Republican congressional candidate Ruth McClung boasts about her education in physics. It’s too bad she didn’t get a quality education in logic.
McClung lectures Arizona’s 7th congressional district on the importance of the sun in warming the Earth:
Global warming exists. The question is, “Is man-caused global warming a significant factor in our environment?” I don’t think so, and I am in good company with a number of other scientists. To understand why I believe this, we need to know a little about the physics of global warming.
We live on a relatively warm planet. If we didn’t, then life could not exist on the earth. The background temperature of space is roughly 3 or 4 degrees Celsius above absolute zero, or about 270 degrees Celsius below the freezing point of water. If the earth was not near the sun (or some other star) the earth too would be very cold â€“ basically the background temperature of space. But since the earth is near the sun (about 93 million miles away) we live on a relatively warm planet.
The temperature on the earth is also affected by our distance from the sun. Mercury and Venus are both closer to the sun, and their temperatures are much hotter than the earth. Mars, Jupiter, and the rest of the planets are further from the sun, and their temperatures are much colder than the earth. In fact, if the sun was just 1% closer to the earth, about 2% more energy would fall on the surface of the earth, and if the sun was just 1% further away, the earth would receive about 2% less solar energy. The earth would then be warmer or cooler respectively.
The amount of solar energy that falls on the earth also affects the temperature. It is colder in the winter than in the summer because less solar energy falls on the earth’s surface in that hemisphere. The days are shorter in the winter. Also the sun is lower in the sky, so less light hits the ground directly.
So this leads me to my first rule on global warming: The number 1 factor contributing to global warming is the sun!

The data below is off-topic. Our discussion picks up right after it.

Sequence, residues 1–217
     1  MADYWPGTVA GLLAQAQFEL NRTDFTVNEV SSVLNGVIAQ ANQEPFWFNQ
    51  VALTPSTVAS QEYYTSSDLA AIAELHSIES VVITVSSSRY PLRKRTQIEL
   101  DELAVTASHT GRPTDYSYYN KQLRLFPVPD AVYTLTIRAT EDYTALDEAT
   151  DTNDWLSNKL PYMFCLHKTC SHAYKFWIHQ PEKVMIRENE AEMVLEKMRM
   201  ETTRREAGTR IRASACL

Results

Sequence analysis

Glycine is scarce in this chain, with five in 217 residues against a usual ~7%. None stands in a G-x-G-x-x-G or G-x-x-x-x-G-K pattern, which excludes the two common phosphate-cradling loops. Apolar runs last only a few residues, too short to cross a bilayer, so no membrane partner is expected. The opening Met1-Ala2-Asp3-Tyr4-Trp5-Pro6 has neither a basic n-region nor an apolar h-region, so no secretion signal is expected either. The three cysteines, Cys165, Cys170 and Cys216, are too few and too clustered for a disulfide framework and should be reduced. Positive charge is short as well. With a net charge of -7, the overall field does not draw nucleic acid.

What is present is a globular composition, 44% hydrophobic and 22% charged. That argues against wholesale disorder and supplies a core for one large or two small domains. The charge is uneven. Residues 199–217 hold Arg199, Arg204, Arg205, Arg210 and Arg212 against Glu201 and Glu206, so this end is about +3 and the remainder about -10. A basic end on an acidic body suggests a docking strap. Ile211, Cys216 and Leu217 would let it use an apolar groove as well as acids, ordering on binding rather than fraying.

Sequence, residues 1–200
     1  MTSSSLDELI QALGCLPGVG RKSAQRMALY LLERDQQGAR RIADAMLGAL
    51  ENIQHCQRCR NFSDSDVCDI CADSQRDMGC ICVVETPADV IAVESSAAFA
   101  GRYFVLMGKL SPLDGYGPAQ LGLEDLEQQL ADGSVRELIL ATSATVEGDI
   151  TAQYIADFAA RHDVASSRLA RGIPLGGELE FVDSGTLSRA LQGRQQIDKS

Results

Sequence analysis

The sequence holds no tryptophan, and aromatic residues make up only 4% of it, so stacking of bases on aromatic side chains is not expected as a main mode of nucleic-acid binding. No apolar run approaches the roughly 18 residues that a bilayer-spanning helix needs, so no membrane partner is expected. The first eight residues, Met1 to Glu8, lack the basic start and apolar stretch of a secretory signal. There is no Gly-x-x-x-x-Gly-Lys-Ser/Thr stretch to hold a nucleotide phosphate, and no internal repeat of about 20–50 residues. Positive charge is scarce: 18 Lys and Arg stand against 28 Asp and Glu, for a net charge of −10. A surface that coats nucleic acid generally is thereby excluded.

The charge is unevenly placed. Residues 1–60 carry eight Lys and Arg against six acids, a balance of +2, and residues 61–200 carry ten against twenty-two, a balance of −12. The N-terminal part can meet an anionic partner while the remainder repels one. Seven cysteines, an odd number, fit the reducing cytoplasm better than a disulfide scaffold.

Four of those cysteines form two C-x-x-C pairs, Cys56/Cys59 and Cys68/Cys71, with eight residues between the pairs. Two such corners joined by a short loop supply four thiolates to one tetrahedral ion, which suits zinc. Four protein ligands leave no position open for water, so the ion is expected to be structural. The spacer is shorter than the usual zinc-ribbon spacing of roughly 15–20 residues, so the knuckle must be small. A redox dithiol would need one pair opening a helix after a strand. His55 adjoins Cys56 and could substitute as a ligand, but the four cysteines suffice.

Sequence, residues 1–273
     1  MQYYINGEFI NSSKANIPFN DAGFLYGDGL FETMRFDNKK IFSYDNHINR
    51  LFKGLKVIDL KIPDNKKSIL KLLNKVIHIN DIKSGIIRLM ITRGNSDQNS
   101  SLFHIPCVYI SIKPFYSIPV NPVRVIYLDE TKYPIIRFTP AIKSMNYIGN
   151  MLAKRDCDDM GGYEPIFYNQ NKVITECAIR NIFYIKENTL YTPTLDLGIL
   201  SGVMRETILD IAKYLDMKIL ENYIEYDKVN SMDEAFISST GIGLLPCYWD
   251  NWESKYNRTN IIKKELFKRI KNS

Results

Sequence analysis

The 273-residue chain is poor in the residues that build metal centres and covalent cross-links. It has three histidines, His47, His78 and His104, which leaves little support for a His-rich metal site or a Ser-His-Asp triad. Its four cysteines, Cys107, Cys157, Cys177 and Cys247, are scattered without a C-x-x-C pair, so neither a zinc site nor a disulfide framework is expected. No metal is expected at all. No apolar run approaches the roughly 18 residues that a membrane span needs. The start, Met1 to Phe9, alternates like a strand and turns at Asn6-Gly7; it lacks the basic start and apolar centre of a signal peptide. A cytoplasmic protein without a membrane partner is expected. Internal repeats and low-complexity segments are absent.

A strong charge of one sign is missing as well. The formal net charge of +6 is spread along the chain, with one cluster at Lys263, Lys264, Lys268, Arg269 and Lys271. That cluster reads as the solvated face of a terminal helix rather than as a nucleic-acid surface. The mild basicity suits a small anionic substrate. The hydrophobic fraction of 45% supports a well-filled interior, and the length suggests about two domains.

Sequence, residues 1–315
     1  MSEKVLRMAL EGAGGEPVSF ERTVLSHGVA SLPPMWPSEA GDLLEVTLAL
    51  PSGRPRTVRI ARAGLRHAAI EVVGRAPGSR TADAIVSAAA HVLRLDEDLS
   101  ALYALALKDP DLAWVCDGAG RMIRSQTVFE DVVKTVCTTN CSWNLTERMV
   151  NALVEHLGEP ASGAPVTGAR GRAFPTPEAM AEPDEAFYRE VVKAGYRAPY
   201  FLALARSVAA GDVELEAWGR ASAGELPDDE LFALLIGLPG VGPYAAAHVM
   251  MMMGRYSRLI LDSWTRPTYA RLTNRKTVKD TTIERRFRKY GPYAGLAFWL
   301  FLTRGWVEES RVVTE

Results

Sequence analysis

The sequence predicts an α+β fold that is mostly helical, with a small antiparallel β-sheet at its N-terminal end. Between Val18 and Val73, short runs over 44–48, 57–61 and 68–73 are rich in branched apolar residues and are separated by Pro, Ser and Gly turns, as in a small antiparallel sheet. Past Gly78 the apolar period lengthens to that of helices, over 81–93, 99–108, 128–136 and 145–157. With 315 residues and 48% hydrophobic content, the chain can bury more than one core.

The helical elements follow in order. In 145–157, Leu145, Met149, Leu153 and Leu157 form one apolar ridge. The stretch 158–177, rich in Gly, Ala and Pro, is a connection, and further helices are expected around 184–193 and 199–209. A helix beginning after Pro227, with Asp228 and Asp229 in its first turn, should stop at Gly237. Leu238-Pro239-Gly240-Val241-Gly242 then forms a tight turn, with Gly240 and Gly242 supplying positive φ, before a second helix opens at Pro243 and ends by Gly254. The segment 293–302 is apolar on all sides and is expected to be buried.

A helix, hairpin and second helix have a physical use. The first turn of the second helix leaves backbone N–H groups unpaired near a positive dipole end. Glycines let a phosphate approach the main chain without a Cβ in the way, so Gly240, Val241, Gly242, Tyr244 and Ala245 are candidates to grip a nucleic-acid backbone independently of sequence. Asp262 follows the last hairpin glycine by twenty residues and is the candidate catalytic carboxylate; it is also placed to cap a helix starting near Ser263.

Calculus, the mathematics underlying much of science, distinguishes between the magnitude of a variable and the rate of change in a variable. Ruth McClung confuses the two in a sophomore’s blunder. In all but her last paragraph, McClung uses the phrase “Global Warming” to describe the positive effect that the sun’s radiation has on the Earth in keeping it warm. That the sun warms the earth is uncontroversial and nearly universally accepted. But in her last paragraph, McClung uses the phrase “Global Warming” to describe the positive rate of change we’ve seen over the last 100 years in global temperature. But the rate of change in global temperature and the magnitude of global temperature are not the same thing, which makes McClung’s conclusion fallacious.
To put the matter in slightly different terms, just because there is a causative factor that produces an effect on some system does not mean that all changes in the system are reducible to that causative effect. Consider my life and my heart, for example. I am alive because my heart is beating. Without a heart beat, I could not possibly continue to live. And yet, if I die, is it necessarily because of something my heart did? Clearly not. Is it possible that something else caused me to die? Of course. I could have been blown to smithereens by a bomb. I could have had my lungs stuffed with mud.
Intervening variables often affect complicated systems like the Earth’s climate and like human societies. Neither the environment nor policymaking is reducible to simple bivariate relations. Ruth McClung’s overly simplistic, bivariate way of thinking does not suit her well for Congress.